A dermatologic riddle: How is IgG4-related ophthalmic disease parliamentary?
March 22, 2017
IgG4-related disease (IgG4-RD) is a chronic fibro-inflammatory disorder that potentially affects virtually every organ system. It characteristically affects middle-aged men, although for lesions of the head and neck, there is an equal gender distribution. Swelling of salivary and lacrimal glands, lymphadenopathy, and type 1 autoimmune pancreatitis are the most common manifestations of the disease. Up to about half of all patients are considered atopic, displaying a mild eosinophilia and/or elevated IgE. The histopathology is characterized by lymphoplasmacytic infiltration, which may lead to significant organ dysfunction (notably in the retroperitoneum, kidney, lung, thyroid, and heart, among others). IgG4-positive plasma cells, “storiform”-like fibrosis and obliterative phlebitis are noted histologically. Therapeutically, glucocorticoids alone or in combination with B-cell depletion with rituximab induces prompt clinical response to IgG4-RD (1).
According to Takayama et al: “Dermatologists may be consulted to evaluate several seemingly disparate skin problems associated with IgG4-RD, which may include prurigo-like nodules, nonspecific, rosacea-like papules and pustules, scleroderma-like skin changes, xanthogranulomas, papules and nodules mimicking angiolymphoid hyperplasia with eosinophilia, and lymphoma-like presentations with striking swelling of secretory glands and lymph nodes, especially in the head and neck region. Skin lesions have been documented most frequently on the upper trunk, neck, scalp, auricle, postauricular area, submandibular area, and over the zygomatic arch.” (2)
Although there are no widely accepted criteria to diagnose IgG4-RD, the presence of IgG4+ plasma cells are required to establish the diagnosis (with an IgG4+/IgG4- ratio > 40% and > 10% IgG4+ plasma cells per high power field); this finding, however, is not pathognomonic, as such cells may be seen in other inflammatory conditions. While an elevated serum IgG4 (> 1.35 g/L) may help confirm the diagnosis, approximately 30-50% of patients have normal serum concentrations, even in those with characteristic histologic findings. Imaging with 18 F-fluorodeoxyglucose positron emission tomography/computerized tomography (18F-FDG PET/CT) highlights the extent of disease, although it may not distinguish IgG4-RD from other causes of inflammation or malignancy (3).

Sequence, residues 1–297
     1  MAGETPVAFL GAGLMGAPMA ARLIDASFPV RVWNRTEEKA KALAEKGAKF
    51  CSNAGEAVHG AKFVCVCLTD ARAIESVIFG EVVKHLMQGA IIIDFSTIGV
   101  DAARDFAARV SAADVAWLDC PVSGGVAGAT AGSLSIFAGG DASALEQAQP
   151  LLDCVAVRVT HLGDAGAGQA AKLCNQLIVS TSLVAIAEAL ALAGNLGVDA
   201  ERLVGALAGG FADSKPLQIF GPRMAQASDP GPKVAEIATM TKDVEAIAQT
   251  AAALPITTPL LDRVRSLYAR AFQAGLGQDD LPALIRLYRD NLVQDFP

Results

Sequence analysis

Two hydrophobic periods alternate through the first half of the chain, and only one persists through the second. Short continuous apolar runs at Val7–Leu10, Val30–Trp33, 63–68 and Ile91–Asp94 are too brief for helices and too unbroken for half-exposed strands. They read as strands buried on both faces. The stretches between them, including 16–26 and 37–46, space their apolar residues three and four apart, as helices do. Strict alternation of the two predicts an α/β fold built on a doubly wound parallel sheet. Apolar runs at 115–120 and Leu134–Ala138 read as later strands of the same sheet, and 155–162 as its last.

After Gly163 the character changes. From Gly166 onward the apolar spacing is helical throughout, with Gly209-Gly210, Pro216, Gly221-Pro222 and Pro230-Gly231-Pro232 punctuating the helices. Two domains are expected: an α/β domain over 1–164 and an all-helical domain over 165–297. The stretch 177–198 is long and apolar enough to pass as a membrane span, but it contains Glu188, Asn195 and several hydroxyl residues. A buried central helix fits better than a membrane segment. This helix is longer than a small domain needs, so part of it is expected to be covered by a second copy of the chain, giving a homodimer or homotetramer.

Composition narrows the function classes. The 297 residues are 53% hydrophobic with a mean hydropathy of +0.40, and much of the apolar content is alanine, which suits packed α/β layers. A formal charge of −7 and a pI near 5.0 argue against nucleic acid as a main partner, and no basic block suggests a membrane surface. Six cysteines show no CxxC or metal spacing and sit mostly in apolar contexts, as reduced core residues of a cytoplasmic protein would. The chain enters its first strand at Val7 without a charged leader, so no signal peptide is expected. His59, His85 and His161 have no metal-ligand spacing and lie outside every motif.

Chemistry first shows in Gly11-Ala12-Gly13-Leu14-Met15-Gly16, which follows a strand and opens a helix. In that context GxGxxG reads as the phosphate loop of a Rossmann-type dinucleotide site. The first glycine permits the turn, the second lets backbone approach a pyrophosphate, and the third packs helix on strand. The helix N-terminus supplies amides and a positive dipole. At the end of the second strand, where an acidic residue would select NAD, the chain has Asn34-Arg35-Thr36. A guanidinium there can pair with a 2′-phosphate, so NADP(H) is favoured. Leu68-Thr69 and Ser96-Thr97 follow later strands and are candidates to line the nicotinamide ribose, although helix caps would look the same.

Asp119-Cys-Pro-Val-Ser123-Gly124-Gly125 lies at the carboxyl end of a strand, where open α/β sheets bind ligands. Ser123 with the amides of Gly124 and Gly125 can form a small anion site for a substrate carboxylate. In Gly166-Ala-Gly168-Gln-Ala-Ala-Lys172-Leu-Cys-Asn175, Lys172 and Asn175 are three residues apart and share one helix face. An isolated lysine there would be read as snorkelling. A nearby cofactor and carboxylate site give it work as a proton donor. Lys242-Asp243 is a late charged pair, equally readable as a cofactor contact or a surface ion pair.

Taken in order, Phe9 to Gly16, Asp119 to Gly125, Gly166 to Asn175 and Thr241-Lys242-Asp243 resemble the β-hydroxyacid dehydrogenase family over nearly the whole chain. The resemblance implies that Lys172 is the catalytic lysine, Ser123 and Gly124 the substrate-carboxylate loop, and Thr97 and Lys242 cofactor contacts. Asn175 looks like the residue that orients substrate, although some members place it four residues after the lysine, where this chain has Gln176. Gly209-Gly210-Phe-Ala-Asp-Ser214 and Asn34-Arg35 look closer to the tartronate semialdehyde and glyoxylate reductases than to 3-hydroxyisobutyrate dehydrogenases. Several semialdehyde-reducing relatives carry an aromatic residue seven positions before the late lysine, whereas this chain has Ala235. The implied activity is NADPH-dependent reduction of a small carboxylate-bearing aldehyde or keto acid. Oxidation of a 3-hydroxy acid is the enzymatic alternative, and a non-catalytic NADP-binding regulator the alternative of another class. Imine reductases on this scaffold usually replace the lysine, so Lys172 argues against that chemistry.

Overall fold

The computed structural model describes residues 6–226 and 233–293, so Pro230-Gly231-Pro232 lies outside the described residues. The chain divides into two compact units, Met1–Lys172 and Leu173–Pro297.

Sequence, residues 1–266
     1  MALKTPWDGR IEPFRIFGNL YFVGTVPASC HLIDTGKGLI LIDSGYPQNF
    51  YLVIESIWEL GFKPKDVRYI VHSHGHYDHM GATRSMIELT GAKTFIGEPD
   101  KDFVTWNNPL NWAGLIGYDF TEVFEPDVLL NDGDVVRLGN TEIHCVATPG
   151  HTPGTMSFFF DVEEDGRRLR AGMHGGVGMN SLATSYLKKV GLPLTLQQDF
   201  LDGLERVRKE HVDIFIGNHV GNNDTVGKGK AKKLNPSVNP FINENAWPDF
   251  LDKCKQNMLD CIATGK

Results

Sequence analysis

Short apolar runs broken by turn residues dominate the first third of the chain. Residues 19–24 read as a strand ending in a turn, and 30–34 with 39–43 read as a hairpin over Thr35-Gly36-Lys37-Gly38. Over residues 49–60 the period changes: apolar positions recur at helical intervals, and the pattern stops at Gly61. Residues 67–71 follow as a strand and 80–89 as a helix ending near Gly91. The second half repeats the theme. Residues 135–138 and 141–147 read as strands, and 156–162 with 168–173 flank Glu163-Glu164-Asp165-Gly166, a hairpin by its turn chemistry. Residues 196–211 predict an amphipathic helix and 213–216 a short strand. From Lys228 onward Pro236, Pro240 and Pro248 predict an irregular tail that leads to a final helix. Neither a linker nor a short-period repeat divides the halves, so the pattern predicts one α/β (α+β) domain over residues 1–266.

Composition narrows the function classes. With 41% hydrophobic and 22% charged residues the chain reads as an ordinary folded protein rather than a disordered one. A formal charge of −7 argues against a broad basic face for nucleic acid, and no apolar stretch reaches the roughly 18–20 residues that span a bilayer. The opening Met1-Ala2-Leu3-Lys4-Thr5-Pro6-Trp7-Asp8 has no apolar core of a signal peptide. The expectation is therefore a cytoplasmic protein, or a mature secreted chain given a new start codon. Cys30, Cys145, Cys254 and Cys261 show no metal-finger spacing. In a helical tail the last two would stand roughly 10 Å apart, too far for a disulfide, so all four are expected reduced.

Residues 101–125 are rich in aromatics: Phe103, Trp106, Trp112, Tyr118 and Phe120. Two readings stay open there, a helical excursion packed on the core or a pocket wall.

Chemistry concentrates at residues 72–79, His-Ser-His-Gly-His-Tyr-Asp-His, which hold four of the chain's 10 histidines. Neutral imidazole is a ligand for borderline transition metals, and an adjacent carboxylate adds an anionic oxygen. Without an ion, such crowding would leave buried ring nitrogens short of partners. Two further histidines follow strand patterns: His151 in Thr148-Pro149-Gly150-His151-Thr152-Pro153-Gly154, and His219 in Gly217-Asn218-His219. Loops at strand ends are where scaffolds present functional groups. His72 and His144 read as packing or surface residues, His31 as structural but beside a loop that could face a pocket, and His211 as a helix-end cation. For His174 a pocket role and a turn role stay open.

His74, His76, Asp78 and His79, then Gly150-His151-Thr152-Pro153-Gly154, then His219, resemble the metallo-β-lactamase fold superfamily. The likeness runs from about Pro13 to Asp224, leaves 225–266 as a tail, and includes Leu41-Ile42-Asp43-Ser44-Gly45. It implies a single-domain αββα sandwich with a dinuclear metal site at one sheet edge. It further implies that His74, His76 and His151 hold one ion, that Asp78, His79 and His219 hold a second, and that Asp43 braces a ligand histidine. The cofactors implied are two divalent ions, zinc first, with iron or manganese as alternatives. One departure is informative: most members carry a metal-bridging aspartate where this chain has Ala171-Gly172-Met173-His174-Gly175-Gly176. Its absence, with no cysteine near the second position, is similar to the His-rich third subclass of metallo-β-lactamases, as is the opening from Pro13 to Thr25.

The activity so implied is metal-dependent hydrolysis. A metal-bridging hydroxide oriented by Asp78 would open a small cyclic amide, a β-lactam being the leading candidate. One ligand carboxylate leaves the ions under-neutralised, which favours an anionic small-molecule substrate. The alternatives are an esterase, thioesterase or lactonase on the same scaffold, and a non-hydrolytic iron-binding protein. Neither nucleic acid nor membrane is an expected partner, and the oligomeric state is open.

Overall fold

It is extraordinarily difficult to make a clinical diagnosis of IgG4-RD, however, it should be considered in the context of periorbital tumors. The main clinical differential diagnoses would be thyroid orbitopathy, sarcoidosis, Sjögren syndrome, lymphoma, Rosai-Dorfman disease or periocular xanthogranulomas. Aouidad et al reported the case of a 51-year-old woman presenting with orbital “pseudotumors” (I do not understand why these are not just “tumors” — large swellings of any cause that may be benign or malignant) that histologically demonstrated eosinophilic angiocentric sclerosis related to IgG4. Unresponsive to prednisone, she improved with rituximab, followed by surgery (4). IgG4-related ophthalmic disease (IgG4-ROD), the preferred nomenclature for IgG4-RD affecting the ocular adnexa or orbit, is a common manifestation of IgG4-RD. A large IgG4-RD disease registry in North America found ophthalmic involvement in 23 % of all IgG4-RD cases. Japanese reviews of IgG4-related pancreatitis, the most thoroughly researched manifestation of IgG4-RD, have found lacrimal gland swelling in 4 to 34 % of cases. Importantly, compared to the general population, IgG4-RD patients are at 3.5 times higher risk of developing malignancies, including lung cancer, colon cancer, and lymphoma, in particular MALT lymphoma (5).
In conclusion, the concept of IgG4-related disease has vast cutaneous and systemic implications. Should the diagnosis be confirmed, evaluation by appropriate specialist(s) dictated by the patient’s presentation, and an assessment by hematology-oncology is warranted. The title of the commentary asks how IgG4-ROD is Parliamentary. I suppose you have figured this out — as a dermatologist if you see a case you are “so moved” and the “eyes have it.”
1. Vasaitis L. IgG4-related disease: A relatively new concept for clinicians. Eur J Intern Med 2016; 27: 1-9.
2. Lowe GC, et al. Cutaneous manifestations of immunoglobulin G4-related disease: What dermatologists need to know. Int J Dermatol 2015; 54: 377-382.
3. Heymann WR: Conceptual confluence: The marriage of IgG4-related disease to adult-onset asthma with periocular xanthogranulomas. Skinmed 2016; 14: 449-51.
4. Aouidad I, et al. IgG4-related disease with orbital pseudotumors treated with rituximab combined with palpebral surgery. JAMA Dermatology 2017; 355-7.
5. Wu A, et al. IgG4-related ophthalmic disease: Pooling of published cases and literature review. Curr Allergy Asthma Rep 2015; 15: 27.
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